“It’s not just a victory for the Sioux, but for all of Indian Country that came together under one common cause, and that was the protection of water, a life-sustaining force,” Gumbs of the Shinnecock Indian Nation told me on Monday morning. “With the millions of people around the country and world who supported this cause, it brought to light many issues that still affect Indian Country and the inhumane treatment that was unleashed upon the water protectors, from the mace, attack dogs, concussion grenades, rubber bullets, noise generators, and the infamous water cannons spraying them down in 23-degree weather. No one thinks it’s over, but there is hope with this crack in the armor!”
Gumbs said that finding a different route for the pipeline won’t be easy and since the construction is about 95 percent complete he believes the company will pursue its case in court. But he remained elated. “Being at the camp was like nothing I’ve ever experienced in my life,” he said. “On the way back, we were all talking about how to describe the feeling and emotional context of the greatest gathering of Indian nations for one cause in the history of Native American-U.S. relations.”
When the sun rises on the Oceti Sakowin camp, some may be starting to pack up. Many will stay, awaiting the next step in what may be an even more protracted battle to save their natural resources. The federal government on Monday ordered people to leave the camp, which is on Army Corps of Engineers’ land, though it has also said no one will be forcibly evicted.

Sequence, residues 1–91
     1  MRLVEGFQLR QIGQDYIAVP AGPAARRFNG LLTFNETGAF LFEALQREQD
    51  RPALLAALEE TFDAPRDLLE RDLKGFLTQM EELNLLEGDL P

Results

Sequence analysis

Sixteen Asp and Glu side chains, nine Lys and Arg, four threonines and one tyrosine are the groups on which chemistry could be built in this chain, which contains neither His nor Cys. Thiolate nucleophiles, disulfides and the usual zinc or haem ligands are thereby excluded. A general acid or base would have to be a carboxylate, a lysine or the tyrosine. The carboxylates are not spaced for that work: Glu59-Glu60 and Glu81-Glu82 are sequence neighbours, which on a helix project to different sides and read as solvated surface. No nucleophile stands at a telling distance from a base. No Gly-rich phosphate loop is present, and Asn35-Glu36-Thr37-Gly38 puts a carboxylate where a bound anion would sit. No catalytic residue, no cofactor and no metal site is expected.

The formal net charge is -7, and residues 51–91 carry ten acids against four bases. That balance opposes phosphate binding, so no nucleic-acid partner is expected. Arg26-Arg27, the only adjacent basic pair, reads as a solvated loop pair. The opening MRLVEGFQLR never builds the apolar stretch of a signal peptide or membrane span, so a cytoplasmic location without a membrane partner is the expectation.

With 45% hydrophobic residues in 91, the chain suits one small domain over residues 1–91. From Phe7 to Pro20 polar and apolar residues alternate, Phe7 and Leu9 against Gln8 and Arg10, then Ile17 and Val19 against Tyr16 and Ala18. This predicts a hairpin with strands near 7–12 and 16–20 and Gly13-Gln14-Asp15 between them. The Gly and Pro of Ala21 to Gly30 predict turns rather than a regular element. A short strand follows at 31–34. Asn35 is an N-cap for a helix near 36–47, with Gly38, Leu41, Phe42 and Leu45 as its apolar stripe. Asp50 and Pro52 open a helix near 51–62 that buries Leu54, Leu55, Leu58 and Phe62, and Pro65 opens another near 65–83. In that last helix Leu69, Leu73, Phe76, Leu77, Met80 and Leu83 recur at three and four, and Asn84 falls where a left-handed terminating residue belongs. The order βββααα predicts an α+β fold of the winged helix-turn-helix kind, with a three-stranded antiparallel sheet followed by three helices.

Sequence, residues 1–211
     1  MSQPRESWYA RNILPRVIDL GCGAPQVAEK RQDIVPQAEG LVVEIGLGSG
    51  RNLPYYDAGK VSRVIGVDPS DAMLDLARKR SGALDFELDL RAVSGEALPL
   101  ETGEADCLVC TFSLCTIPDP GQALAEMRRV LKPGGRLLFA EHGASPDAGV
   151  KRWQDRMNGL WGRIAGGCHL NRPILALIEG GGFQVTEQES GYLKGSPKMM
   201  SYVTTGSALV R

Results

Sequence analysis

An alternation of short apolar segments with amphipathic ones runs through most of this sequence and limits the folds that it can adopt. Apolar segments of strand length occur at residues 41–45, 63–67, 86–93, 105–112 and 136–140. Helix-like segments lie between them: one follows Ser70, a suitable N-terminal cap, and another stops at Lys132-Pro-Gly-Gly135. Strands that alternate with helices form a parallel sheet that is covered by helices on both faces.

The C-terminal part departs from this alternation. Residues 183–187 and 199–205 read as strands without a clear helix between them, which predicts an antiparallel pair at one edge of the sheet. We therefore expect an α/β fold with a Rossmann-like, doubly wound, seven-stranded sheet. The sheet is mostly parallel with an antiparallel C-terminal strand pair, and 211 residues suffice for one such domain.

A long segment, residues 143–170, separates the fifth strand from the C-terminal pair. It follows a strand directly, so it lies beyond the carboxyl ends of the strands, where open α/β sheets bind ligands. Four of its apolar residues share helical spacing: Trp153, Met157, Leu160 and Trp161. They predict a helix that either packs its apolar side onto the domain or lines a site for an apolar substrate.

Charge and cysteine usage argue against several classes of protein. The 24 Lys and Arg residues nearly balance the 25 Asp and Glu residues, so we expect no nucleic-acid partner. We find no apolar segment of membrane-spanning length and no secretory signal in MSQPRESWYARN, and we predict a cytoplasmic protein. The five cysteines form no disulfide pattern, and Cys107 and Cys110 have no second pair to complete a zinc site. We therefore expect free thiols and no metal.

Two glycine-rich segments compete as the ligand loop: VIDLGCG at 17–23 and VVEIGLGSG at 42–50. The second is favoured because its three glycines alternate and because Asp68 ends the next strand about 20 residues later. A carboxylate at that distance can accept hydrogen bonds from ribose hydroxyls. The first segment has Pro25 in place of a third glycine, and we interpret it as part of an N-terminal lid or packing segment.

Many at Standing Rock say they will stay and remain mistrustful of the government and corporations. “I know that Dakota Access will continue to work,” LaDonna Tamakawastewin Allard, a Sioux tribal member, wrote on Facebook. “The lights are still on above the camp, Morton County has not removed the barriers, and they are moving in troops by Fort Rice. They think these people will leave the camps, [they] will be able to continue to work. Never trust these crooks. . . . [W]e have already seen what they will do to our people. Make them accountable. We need everyone on the ground until every pipe is removed.”
Tents may come down on Monday and fires may be tamped out, but the spirit of optimism at Standing Rock will remain. “Our runners will be running into camp soon . . . keep your ear out . . . you’ll be hearing us yelling around!” wrote Bobbi Jean Three Legs on Facebook shortly after the decision was announced. And so this modern indigenous people’s movement that began with young runners continues in a kindred reflection of the past. Momaday’s “House Made of Dawn” concludes this way: “‘Listen,’ he said. ‘It is the race of the dead, and it happens here.’”